Fiduciary status under ERISA “is not an all-or-nothing concept,” according to a recent federal district court ruling that found BP and its North American unit were not liable for their retirement plan employees’ breaches of fiduciary duty. The lawsuit arose from a BP company stock plan available as investment to plan participants that plunged in value after the 2010 Deepwater Horizon oil spill involving the U.K.-based oil company.
Background of the Case
In In re: BP ERISA Litigation, No. 4:10-cv-4214 (S.D. Tex., Oct. 30, 2015), U.S. District Judge Keith P. Ellison dismissed several claims by plan participants that BP failed to monitor fiduciaries acting for its company stock plans, primarily by finding the named defendants were not fiduciaries.
The plaintiffs alleged in their suit that BP was “vicariously liable” for employees’ fiduciary breaches under ERISA because the defendants “effectively controlled the individual defendants” whom they hired and assigned plan-related jobs. Yet Judge Ellison concluded that more than an employer-employee relationship is needed to establish vicarious liability, which requires that the principal have “participated in the agent’s breach.”
The plaintiffs failed to connect the company with the individual defendants’ alleged breach.
The suit had been dismissed in March 2012 in line with the so-called Moench presumption of prudence protected the plan’s choices of investment options. But the U.S. Supreme Court in June 2014 threw out the Moench presumption and created a new framework for evaluating claims against some ERISA fiduciaries. The BP case was remanded to the Houston federal district court for reconsideration by the 5th U.S. Circuit Court of Appeals in light of the Dudenhoeffer v. Fifth Third case that ended Moench protection for fiduciaries.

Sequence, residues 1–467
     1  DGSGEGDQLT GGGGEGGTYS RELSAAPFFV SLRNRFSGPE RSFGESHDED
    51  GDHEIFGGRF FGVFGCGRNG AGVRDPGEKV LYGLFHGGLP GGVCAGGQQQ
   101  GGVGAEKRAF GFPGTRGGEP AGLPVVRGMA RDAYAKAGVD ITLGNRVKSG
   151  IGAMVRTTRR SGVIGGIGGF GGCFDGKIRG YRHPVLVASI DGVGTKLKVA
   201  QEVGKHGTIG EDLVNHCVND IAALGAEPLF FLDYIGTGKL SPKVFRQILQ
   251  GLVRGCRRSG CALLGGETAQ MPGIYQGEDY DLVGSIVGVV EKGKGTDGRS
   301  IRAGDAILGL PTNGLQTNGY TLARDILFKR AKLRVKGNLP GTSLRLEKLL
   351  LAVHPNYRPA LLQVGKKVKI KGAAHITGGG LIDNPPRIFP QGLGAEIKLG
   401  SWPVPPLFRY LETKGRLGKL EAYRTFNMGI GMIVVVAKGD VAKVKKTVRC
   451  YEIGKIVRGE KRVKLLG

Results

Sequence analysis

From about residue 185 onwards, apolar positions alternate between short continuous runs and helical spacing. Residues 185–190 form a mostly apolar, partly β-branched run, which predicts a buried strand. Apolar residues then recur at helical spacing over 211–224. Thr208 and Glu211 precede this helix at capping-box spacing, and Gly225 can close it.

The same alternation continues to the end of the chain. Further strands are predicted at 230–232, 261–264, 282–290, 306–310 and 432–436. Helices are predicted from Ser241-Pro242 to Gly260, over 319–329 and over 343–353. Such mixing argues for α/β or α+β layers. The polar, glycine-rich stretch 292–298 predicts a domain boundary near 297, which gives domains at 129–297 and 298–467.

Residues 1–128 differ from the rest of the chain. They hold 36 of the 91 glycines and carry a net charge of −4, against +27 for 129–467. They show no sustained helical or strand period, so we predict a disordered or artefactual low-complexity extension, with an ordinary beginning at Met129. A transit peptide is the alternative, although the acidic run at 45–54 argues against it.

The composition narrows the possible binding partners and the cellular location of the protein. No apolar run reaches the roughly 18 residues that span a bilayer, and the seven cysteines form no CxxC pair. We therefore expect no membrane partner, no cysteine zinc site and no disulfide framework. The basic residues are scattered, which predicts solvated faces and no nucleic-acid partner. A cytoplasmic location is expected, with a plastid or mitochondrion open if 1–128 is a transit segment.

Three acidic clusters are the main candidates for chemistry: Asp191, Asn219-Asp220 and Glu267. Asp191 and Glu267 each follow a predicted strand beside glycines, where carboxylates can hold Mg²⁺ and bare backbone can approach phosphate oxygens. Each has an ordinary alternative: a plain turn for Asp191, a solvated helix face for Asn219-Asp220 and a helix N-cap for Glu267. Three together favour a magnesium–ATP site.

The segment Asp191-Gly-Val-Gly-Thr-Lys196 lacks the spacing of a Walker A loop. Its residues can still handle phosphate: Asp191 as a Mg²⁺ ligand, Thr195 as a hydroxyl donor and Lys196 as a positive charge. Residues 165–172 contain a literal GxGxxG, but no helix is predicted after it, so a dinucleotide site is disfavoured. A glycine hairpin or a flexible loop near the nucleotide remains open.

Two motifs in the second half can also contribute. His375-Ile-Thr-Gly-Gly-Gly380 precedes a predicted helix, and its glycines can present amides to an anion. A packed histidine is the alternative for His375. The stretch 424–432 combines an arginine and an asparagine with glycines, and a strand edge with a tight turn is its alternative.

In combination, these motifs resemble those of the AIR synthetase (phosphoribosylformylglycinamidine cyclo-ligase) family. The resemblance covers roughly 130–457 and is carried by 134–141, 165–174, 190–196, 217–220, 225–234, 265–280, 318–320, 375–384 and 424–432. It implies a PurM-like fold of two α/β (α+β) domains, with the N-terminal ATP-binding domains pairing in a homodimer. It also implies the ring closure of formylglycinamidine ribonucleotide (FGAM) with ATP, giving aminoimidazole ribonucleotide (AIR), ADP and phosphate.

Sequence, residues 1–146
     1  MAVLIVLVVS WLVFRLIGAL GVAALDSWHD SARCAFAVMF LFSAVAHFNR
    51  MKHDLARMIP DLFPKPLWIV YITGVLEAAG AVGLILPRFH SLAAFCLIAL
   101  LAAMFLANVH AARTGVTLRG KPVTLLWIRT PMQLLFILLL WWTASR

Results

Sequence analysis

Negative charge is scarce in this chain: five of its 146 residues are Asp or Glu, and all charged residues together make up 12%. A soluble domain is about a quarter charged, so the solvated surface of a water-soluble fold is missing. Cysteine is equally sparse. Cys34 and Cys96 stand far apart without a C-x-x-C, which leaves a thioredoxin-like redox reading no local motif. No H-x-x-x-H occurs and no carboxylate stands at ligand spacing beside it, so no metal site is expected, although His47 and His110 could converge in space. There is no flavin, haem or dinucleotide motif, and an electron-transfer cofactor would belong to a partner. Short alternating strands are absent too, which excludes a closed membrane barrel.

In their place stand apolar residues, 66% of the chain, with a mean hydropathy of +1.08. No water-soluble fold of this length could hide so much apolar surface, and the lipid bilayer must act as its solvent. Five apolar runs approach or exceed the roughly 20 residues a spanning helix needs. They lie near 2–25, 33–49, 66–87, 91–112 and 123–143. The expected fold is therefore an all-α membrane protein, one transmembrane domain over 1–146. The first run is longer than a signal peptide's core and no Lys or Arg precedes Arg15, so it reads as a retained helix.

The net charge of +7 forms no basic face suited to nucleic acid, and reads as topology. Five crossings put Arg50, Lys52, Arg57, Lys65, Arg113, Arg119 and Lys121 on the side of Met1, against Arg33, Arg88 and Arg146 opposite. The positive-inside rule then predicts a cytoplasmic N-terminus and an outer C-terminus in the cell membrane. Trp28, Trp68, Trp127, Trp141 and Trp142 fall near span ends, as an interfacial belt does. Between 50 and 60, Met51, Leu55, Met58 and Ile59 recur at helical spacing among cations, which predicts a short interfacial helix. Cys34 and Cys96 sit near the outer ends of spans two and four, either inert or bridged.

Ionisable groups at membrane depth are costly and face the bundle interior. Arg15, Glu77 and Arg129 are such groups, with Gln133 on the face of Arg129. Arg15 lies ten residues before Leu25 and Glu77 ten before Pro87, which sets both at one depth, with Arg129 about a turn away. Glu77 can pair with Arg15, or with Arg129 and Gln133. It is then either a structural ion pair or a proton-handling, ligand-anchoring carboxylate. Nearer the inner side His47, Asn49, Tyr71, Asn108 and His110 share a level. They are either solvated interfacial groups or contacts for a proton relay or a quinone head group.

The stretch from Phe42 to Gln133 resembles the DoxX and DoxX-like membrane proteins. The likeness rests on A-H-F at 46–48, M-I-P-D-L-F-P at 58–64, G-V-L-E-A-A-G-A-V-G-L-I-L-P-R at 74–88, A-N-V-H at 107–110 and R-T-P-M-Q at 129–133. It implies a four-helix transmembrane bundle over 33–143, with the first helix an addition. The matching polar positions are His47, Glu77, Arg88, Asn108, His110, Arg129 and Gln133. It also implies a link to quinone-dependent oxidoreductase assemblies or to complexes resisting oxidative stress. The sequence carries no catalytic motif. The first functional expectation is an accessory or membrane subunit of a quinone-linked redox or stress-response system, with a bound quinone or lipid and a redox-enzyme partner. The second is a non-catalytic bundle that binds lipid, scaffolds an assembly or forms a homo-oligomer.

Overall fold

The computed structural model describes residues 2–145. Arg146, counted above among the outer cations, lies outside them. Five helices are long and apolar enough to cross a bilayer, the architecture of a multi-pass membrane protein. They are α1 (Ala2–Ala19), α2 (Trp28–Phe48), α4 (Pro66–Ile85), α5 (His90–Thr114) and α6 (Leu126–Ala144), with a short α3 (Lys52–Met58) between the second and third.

The case claimed BP’s North American unit was a fiduciary because the plan document describes it as the “plan sponsor.” The judge, however, said this provision didn’t affect fiduciary status because a “company cannot be subject to fiduciary liability simply by virtue of its role as a plan sponsor.” He said the plan document instead listed the BP North America’s Savings Plan Investment Oversight Committee as having authority and control over the management and disposition of the plan’s assets, which made it the “Investment Named Fiduciary.”
Judge Ellison did not rule the BP board of directors and its officers as being fiduciaries to the company’s savings plans. He noted the officers have no authority to limit or freeze investments in the BP stock fund unless they are directed to do so by the investment oversight committee.
He said the plaintiffs adequately alleged that the investment oversight committee defendants breached their fiduciary duties to the plan regarding safeguarding participants’ assets with prudent investments. But he did not accept plaintiffs’ claims that the officers who appointed the committee defendants breached their duty to monitor the committee and its actions. This duty, according to plaintiffs is composed of both a duty to inform the committee of material, non-public information about the company that could affect their evaluation of investing in the company’s securities and a duty to ensure that the monitored fiduciaries are performing their fiduciary obligations.
Judge Ellison ruled that ERISA does not impose a duty for monitoring fiduciaries to keep their appointees apprised of material, non-public information.